Egbert Martin

Egbert Martin (c. 1861 – June 23, 1890), writing under the alias Leo, was a 19th-century Guyanese poet.[1][2]

Egbert Martin
Bornc. 1861
Georgetown, British Guiana
(modern Guyana)
Died (aged 29)
Georgetown, British Guiana
Resting placeLe Repentir Cemetery, Georgetown
Pen nameLeo
Years active1881–1890

His poetry deal mostly with spiritual topics, while also focusing on the themes of African-Guianese history. Recurring themes of his works include change, disintegration, and death, which have been frequently associated with his frail health condition.[3] Martin was highly regarded by contemporary critics and is considered as Guyana's first major poet, despite his death from tuberculosis at the age of 29.[4] He is regarded as the founder of modern Guyanese literature.


Martin was born in Georgetown, British Guiana to a journeyman tailor. Guyanese poet[4] and essayist A. J. Seymour described him as "a fair Mulatto" (implying a mixture of White and Afro-Guyanese ancestry) who from his early youth was "confined to an invalid's bed, as a result of illness."[1][5] He had a cousin named Edwin Heyliger, suggesting German ancestry.[6]

When he was 19, Martin's poetry was published in Guianese journal The Colonist, and he contributed to other publications such as The Argosy and Echo between 1881 and 1890.[7] In 1887, he won an kingdom-wide competition at an event organised by the London Standard to commemorate Queen Victoria's Golden Jubilee, for appending two verses to the British national anthem.[3] Despite being bed-ridden, he was sponsored by the editor of The Argosy newspaper, James Thompson, and the mayor of Georgetown, George Anderson Forshaw.[4] Martin was the first poet to write about the landscape of Guyana.[1]

He died aged 29 from tuberculosis.[4]

Reception and legacyEdit

During his time, Martin was lauded by contemporary critics.[3][4] The Daily Chronicle hailed him as "the ablest of poetical writers of whom British Guiana can boast". Similarly, The Berbice Gazette considered Martin a poet "whose works plainly bespeak talent and ability of a high order", while the Guiana Herald pointed out "the name and merits of Leo are so well known that comments are scarcely requisite". However, Martin's works have also been viewed as a "weak imitation of Wordsworth, mixed with Tennyson, with a flavouring of Edgar Allan Poe".[7]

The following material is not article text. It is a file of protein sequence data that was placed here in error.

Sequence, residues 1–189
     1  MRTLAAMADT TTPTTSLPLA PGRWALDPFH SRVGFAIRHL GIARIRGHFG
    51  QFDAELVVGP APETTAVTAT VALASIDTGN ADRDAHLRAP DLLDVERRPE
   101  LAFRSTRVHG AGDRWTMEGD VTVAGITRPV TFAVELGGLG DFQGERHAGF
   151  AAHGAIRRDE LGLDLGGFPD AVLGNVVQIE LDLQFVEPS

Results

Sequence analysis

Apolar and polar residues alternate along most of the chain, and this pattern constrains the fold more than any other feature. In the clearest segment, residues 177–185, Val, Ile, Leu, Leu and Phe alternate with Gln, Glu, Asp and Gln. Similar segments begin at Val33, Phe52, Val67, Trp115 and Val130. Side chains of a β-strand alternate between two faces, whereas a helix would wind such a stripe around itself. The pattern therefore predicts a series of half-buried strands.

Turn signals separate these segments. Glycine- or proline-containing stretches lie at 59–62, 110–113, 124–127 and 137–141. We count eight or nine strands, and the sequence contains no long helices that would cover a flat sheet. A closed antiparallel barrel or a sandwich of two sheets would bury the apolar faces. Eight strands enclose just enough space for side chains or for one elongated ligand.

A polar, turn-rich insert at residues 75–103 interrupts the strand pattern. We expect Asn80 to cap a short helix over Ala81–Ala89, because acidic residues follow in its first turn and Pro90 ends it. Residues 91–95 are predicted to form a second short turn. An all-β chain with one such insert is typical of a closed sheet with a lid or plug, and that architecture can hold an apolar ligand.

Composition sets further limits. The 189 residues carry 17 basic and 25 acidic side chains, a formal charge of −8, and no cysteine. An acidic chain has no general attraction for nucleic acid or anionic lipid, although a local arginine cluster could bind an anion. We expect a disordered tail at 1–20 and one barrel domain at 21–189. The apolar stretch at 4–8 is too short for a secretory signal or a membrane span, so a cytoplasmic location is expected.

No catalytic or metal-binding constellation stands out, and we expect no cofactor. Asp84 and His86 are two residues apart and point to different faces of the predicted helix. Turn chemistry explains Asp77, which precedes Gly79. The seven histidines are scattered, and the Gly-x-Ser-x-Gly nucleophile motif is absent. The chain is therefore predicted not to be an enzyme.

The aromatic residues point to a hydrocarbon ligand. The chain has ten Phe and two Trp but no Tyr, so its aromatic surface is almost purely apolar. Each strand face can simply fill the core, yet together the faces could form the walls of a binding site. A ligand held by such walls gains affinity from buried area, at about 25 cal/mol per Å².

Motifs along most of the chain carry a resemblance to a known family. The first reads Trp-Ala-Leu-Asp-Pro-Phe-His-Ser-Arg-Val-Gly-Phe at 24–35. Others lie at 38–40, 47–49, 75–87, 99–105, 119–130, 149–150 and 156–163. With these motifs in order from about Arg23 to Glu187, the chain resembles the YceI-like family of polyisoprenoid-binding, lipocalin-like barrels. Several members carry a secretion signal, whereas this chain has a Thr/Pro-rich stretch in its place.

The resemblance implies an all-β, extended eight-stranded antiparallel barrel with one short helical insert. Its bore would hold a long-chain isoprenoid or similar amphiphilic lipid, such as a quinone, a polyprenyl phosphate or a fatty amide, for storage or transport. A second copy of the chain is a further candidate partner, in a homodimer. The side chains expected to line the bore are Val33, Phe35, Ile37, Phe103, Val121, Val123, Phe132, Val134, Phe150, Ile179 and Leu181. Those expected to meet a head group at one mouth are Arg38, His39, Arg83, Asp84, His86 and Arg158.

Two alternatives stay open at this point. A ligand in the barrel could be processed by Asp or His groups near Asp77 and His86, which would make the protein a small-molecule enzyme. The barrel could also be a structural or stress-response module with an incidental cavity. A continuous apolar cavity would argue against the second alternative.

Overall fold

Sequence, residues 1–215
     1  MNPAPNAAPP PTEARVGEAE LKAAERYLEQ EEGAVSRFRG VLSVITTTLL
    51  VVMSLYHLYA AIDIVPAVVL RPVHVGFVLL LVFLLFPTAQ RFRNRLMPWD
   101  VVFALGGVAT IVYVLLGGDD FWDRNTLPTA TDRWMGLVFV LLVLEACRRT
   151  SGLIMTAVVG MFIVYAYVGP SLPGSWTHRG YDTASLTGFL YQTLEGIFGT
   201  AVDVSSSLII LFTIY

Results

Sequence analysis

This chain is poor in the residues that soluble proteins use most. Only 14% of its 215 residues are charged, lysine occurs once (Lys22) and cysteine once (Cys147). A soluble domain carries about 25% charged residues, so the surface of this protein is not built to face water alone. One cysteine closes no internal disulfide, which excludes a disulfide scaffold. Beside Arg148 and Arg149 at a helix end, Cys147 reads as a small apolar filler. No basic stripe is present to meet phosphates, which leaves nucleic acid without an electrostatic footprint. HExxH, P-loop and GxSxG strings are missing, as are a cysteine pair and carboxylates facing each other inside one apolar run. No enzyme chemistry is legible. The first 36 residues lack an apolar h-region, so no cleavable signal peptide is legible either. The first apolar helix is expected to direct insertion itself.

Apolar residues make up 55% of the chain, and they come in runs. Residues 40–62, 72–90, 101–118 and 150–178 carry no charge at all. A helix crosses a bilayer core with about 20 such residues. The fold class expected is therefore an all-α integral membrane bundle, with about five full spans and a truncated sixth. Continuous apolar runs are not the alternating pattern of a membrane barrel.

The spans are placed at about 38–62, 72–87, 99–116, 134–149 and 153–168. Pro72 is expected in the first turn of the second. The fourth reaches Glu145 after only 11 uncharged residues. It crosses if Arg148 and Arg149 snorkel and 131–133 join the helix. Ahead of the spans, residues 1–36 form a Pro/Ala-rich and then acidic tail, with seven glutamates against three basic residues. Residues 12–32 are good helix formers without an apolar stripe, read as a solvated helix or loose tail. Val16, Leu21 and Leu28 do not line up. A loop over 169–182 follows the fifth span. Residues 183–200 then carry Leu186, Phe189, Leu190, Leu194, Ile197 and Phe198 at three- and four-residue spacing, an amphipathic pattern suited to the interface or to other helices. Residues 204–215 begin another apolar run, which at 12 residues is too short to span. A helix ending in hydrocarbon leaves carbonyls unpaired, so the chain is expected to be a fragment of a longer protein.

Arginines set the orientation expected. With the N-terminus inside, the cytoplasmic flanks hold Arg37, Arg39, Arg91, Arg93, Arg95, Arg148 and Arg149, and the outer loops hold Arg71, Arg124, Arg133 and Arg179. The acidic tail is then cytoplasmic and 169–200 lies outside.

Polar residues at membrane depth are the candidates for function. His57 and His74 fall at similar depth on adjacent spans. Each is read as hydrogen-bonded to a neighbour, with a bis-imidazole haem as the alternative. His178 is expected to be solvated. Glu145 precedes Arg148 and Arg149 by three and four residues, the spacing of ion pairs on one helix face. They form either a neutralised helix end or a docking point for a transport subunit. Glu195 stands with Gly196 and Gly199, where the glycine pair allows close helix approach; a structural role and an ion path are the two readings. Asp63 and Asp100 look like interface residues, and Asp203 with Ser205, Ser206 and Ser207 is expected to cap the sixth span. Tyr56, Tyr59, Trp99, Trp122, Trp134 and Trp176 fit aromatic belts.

Arthur Schomburg called Martin "one of the greatest Negro poets in history".[3] Scriptology, his collection of short stories, was missing for 100 years until a copy was located at Howard University.[8] Martin is regarded as the founder of modern Guyanese literature.[5]


  • Leo's Poetical Works (1883)[3] (OCLC 59536839)
  • Leo's Local Lyrics (1886)[3] (OCLC 990705298)
  • Scriptology (1885) short stories[3] (ISBN 9781907493782)
  • Egbert Martin Selected Poems (2010) The Caribbean Press, The Guyana Classics Library – Government of Guyana (ISBN 978-1-907493-05-8)


  1. ^ a b c Persaud, Petamber (February 19, 2021). "The Shaping of Guyanese Literature – Scriptology rediscovered". Guyana Times International. Retrieved March 10, 2021.{{cite web}}: CS1 maint: url-status (link)
  2. ^ Baytop, Adrianne (1976). "The Emergence of Caribbean English Literature". Latin American Literary Review. 4 (9): 33. JSTOR 20119034. Retrieved March 10, 2021.
  3. ^ a b c d e f g "Selected Poems by Egbert Martin". Guyana Chronicle. Retrieved March 10, 2021.
  4. ^ a b c d e Joseph, Terencia Kyneata (2016). "Martin, Egbert "Leo"". Oxford African American Studies Center. doi:10.1093/acref/9780195301731.013.74481. ISBN 9780195301731. Retrieved March 10, 2021.
  5. ^ a b "AJ Seymour's contribution to the shaping of Guyanese literature was monumental". Stabroek News. January 31, 2021. Retrieved March 10, 2021.
  6. ^ "Selected Poems by Egbert Martin".
  7. ^ a b Chander, Manu Samriti (June 23, 2017). Brown Romantics: Poetry and Nationalism in the Global Nineteenth Century. Bucknell University Press. pp. 41–66. ISBN 978-1-61148-822-7.
  8. ^ "Caribbean Press will be republishing Egbert Martin's 'Scriptology' – Minister Anthony announced at World Poetry observance | IFACCA – International Federation of Arts Councils and Culture Agencies". Retrieved March 10, 2021.

External linksEdit